“I remember the conversation to this day. Jord says: ‘I’m glad that you were serving because I probably would’ve double-faulted’,” she laughs.
Shuker also served to win the match with an ace out wide, and describes the ensuing feeling of being overcome with emotion –– at first with relief, but then with immense honour and pride. Having had such a distinguished career, with so many personal successes, it was this experience that she pinpoints as her favourite.
“To me, that’s the best memory and the best medal that I won because it was unexpected, but just so, so memorable.”
Four years later at Rio 2016, it was a similar feeling of ecstasy as Shuker and Whiley again won Bronze, only this time that feeling of accomplishment was fused with a hint of disappointment, as the prospect of silver, or even gold, proved so close yet so far.
“I would’ve been devastated if we’d come home and won nothing, but you know as an athlete, I think we could’ve pushed for more and won a gold medal.”
Shuker confesses that the dream of any Paralympic athlete is that of gold, but believes her disappointment at the last games has only helped fuel her hunger to go further in Tokyo this time around. “It just helps me work harder,” she says, as preparation for this year’s rescheduled competition has been markedly different to normal.
With fewer opportunities to practise, attention has turned instead towards fitness, with sessions on the hand bikes and frequent weight training the main focus when access to tennis courts hasn’t been available. Even at 40 years of age, Shuker is achieving personal bests and still striving to be better.
Speaking of how best to deal with such unprecedented circumstances, Shuker stressed the need to try and stay strong mentally: “You just have to go with the flow and be able to adapt and to stay focused,” she emphasises.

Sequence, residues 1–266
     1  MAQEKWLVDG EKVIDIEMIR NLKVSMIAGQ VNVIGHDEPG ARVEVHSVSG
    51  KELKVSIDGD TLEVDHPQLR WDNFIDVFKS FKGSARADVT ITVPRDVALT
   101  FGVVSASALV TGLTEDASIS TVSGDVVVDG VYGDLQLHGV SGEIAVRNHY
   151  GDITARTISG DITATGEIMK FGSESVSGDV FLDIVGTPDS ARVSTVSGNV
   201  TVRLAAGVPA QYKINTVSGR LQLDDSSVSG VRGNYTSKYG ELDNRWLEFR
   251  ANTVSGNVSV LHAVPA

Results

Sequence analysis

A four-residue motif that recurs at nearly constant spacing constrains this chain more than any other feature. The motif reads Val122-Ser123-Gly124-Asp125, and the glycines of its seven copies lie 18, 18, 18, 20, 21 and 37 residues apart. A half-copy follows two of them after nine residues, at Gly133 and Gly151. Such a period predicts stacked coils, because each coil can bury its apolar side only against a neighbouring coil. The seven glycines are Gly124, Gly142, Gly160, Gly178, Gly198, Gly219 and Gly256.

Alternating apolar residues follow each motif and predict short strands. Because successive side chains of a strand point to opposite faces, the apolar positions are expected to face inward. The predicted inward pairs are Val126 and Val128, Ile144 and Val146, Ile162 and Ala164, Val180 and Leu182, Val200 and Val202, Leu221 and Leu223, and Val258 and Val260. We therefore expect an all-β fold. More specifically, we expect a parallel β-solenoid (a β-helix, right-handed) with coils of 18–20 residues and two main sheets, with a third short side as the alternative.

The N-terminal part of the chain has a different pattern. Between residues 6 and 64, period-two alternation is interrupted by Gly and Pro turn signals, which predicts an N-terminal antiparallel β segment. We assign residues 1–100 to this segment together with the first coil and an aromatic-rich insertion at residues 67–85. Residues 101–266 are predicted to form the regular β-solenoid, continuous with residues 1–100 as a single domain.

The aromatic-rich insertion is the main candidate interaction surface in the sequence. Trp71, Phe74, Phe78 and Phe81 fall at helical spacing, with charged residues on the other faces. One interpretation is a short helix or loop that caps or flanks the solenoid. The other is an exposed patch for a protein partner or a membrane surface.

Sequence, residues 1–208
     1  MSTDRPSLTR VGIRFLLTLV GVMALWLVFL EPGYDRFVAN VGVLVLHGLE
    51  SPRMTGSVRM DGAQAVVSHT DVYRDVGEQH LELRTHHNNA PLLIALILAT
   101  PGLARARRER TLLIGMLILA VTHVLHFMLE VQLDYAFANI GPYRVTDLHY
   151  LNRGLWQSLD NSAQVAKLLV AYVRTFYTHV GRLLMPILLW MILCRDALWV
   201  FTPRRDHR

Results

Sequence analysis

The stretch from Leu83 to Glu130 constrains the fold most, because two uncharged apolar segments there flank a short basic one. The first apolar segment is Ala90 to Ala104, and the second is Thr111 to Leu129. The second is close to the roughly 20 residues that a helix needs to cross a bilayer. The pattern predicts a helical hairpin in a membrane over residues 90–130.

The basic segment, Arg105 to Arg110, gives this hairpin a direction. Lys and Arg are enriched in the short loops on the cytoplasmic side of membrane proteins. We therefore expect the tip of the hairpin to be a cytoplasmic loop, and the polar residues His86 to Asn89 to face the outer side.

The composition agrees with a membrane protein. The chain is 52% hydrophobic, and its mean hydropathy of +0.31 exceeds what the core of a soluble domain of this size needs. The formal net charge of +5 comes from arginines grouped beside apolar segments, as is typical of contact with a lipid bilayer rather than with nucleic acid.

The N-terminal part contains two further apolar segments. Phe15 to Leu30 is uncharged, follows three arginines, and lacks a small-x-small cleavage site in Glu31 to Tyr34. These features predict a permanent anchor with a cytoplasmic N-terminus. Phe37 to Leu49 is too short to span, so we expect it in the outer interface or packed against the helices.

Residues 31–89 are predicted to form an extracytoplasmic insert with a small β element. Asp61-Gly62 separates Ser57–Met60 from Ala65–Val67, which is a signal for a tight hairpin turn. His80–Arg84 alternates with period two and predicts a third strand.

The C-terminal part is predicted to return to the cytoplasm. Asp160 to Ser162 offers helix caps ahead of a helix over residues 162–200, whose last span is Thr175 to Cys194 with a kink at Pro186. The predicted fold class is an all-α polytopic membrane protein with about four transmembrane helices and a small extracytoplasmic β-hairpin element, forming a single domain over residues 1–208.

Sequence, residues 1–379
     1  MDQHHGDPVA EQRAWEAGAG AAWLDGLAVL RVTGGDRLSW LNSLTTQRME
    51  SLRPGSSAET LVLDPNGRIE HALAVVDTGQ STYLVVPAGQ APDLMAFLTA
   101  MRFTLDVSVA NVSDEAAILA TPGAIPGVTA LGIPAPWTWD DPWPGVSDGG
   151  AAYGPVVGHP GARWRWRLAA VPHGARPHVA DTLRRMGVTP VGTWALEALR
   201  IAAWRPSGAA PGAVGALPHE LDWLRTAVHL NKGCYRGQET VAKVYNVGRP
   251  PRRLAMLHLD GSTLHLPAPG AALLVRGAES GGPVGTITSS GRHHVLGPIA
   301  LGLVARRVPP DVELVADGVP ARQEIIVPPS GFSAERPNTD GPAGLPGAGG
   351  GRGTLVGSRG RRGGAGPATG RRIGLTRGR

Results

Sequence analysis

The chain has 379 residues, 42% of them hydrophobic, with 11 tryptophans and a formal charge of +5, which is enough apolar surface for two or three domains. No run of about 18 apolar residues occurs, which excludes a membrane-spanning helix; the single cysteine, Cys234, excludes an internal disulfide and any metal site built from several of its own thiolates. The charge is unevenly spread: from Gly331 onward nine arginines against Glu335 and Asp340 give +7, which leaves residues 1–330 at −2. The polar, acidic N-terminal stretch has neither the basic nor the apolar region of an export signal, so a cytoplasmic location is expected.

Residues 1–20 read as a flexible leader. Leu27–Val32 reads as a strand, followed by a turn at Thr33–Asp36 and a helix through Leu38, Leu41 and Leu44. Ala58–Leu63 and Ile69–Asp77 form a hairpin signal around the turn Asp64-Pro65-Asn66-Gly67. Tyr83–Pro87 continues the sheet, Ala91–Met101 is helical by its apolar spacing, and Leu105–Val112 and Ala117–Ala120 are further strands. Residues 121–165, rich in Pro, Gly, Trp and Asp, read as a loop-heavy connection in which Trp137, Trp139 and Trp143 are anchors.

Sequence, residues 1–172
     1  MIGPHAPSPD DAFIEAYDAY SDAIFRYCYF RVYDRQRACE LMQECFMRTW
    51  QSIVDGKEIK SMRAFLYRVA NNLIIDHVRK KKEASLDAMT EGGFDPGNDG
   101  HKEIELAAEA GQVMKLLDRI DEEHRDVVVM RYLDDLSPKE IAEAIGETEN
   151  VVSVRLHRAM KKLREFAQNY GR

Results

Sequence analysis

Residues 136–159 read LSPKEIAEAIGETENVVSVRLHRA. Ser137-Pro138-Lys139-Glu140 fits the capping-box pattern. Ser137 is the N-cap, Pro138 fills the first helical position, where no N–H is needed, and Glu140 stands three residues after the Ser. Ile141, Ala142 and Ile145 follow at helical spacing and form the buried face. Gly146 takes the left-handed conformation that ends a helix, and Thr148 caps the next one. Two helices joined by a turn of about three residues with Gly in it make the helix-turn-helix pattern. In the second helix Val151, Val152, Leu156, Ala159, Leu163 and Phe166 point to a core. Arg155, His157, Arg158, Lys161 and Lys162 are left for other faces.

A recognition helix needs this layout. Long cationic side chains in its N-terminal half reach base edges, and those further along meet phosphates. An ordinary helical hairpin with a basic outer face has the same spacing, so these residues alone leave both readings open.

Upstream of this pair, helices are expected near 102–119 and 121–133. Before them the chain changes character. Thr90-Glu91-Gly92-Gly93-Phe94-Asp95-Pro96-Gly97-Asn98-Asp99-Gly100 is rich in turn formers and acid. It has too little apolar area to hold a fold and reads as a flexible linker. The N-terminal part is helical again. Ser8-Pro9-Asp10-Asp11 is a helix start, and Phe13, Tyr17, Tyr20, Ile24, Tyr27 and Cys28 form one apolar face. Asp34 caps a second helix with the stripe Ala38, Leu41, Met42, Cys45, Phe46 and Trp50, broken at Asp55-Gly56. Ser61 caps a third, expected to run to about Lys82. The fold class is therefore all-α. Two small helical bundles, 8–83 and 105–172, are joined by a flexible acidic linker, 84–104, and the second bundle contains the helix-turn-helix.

The impact of COVID-19 has not only put more mental strain on athletes, but a financial one as well. Travelling across the world like Shuker does so often, requires significant travel costs, and she has welcomed the support from charity Path to Success. The organisation aims to help female athletes with disabilities, and Shuker is just one of many to have benefited from their assistance.
“Nowadays, everything in sports costs money and tennis is quite expensive, so I’m extremely grateful for the support financially,” she told GiveMeSport Women.
But Shuker was quick to emphasise more than just the financial benefits of the organisation. “I think that the real core from Path to Success is supporting and empowering women with a disability, so we’re all very grateful that there is this charity designed specifically for us to help us be the best we can be.”
Shuker’s story serves as an example to all that a disability does not have to stand in the way of your ambitions. That no matter the scale of adversity, having the determination, the ambition, and ultimately the belief, is enough to put anyone on the path to success.
Lucy Shuker is supported and partially funded by Path to Success, a charity that champions ParalympicsGB’s female athletes in disability sport by providing vital financial aid. Support Lucy and other Path to Success athletes here